Nine seconds into their first power play of the night, UMD's Jordan Fulton had the puck behind the Wisconsin net, forcing Connelly to cover the left post. Unfortunately, the right side of the net was unguarded along with defenseman Travis Gawryletz, who buried the puck into the net for the game's opening tally and his first of the season.

The goal was a welcomed surprise to Duluth, who entered the weekend 8-for-80 for the season on the man advantage – dead last in the conference.

Once the Badgers saw how to create and bury an opportunity, scoring chances became as easy as clockwork.

After a pass from Blake Geoffrion to Patrick Johnson was gobbled up by the bodies in front of the net, chaos and confusion ensued in front of the net. With the puck basically resting by its lonesome between the circles, sophomore Jamie McBain took the opportunity to fire it past Stalock on his high glove side to tie the score.

"I knew that if there was a scrum in front, I knew he was going to get down and spread all over the place when he does not know where the puck is," McBain said. "I put it upstairs and fortunately, it went in."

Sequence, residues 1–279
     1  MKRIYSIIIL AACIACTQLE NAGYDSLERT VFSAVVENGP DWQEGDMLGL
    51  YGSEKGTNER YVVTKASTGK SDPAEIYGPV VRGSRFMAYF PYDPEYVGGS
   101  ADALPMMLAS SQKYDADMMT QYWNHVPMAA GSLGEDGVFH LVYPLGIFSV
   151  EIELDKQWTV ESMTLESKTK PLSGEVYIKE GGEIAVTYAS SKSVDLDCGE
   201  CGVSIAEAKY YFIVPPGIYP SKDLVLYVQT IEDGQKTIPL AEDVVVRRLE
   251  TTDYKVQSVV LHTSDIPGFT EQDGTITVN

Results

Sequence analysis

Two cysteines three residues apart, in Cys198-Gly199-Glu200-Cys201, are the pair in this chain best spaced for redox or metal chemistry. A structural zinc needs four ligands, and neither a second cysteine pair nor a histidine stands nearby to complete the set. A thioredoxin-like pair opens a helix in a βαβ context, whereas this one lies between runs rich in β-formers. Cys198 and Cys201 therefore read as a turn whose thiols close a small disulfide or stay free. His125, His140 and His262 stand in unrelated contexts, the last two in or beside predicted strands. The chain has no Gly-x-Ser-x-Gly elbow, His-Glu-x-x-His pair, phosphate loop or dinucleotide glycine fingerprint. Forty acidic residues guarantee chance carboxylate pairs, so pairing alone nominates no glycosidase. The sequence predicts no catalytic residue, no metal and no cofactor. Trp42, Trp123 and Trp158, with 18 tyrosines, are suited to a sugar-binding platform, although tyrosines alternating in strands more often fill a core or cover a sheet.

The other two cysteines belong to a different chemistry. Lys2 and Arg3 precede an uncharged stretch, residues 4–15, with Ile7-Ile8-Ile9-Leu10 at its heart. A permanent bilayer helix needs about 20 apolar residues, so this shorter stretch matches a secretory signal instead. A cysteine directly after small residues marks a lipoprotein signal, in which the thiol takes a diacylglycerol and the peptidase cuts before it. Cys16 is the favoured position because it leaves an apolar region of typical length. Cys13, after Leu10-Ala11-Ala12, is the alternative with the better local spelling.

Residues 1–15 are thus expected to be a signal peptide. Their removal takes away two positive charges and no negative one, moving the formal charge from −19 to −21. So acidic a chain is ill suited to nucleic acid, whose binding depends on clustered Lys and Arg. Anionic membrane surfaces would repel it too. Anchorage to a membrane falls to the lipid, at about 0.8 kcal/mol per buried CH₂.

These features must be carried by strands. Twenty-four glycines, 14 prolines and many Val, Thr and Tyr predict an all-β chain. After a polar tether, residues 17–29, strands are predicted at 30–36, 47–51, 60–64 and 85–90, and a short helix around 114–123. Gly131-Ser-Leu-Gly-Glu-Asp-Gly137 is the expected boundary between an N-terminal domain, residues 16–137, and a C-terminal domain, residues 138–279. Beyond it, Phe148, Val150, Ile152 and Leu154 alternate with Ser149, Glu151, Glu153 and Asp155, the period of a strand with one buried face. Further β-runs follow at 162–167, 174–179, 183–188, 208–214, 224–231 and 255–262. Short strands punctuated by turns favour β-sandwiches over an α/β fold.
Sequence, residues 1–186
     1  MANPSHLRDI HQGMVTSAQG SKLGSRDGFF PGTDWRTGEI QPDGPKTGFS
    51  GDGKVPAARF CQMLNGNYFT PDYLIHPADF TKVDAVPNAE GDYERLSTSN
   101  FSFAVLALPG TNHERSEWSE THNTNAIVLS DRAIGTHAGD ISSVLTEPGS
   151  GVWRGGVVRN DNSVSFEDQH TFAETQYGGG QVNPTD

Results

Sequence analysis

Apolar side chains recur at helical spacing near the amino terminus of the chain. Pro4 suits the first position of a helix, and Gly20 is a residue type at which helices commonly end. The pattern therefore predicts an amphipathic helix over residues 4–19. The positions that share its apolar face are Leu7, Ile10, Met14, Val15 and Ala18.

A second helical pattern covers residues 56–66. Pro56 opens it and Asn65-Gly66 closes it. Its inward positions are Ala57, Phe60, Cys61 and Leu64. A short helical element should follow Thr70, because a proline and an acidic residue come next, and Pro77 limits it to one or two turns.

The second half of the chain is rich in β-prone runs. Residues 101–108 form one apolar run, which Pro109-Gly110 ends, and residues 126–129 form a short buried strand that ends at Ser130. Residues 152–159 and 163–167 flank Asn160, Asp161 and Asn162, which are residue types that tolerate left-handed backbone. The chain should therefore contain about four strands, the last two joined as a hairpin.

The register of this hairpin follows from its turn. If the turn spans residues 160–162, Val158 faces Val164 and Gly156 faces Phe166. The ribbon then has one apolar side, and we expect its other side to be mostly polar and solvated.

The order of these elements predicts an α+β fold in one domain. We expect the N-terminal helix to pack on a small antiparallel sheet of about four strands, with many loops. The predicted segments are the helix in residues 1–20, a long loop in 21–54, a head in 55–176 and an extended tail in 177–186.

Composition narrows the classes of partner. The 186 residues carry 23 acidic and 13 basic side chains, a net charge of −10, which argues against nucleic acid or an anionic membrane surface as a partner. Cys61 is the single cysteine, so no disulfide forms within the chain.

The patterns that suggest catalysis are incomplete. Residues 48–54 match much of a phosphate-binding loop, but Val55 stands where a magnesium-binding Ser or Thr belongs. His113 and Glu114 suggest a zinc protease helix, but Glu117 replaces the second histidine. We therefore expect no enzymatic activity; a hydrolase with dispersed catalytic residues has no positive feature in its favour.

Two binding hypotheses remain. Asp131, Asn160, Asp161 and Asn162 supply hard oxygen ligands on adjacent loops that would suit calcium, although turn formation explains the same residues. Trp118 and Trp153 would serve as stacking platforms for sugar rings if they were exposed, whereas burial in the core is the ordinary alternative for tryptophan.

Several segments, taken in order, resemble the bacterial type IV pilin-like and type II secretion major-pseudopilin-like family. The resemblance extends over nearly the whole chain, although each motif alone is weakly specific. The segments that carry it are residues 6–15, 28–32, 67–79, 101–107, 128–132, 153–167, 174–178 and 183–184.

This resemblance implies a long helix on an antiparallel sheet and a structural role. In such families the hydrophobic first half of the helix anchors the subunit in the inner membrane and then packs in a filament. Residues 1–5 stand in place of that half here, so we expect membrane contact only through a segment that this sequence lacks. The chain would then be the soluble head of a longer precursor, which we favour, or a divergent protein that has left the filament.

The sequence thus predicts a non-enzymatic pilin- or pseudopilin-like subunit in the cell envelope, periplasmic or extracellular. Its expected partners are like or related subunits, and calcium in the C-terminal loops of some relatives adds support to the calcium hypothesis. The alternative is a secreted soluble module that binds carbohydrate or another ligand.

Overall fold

Just over three minutes later and the roles reserved with the Badgers on the power play, Wisconsin struck again. Off a shot by Kyle Turris, the puck scooted away from Stalock and was there for taking for Geoffrion, who flipped the puck over Stalock's out stretched skate to give the Badgers the only lead they would need.

But just to make sure, junior Ben Street scored his team-leading 12th goal of the year in the final minute with an empty net in front of him.

In addition to falling in the standing and the PairWise, Duluth is bracing to be out with junior defenseman Jason Garrison indefinitely. Taking a vicious check into the boards, Garrison, arguably Duluth's best defensemen, lay motionless for several minutes and had to be helped off the ice.

According to head coach Scott Sandelin, it appears that Garrison broke his right ankle.

"Our guys did not know the seriousness of it until after the game," Sandelin said. "It sucks. It's (expletive).I thought it should have been a charging or boarding, but whatever. We have to move forward."

Without Stalock in net for Minnesota-Duluth tonight, however, the score might not have been as close as it was. The sophomore denied numerous amounts of Wisconsin scoring chances, including denying Wisconsin forward Michael Davies on a wide-open net, sticking his right pad out just in the knick of time to deflect the puck.

"He was a four starts and been that way for a long time," Sandelin said. "He gives us a chance and played solid all night. He's been seeing the puck very well (and) is a very athletic goaltender."

But on a night where Stalock earned a four-star rating from his coach, he was out shined by the five-star performance of Connelly, who has not only energized himself, but the entire Wisconsin team, as well.

"Seeing the puck, feeling comfortable and feeling confident," Eaves said. "He seems to be settling in earlier in games and with that quietly confidence that he's demonstrated, our team feeds off of that."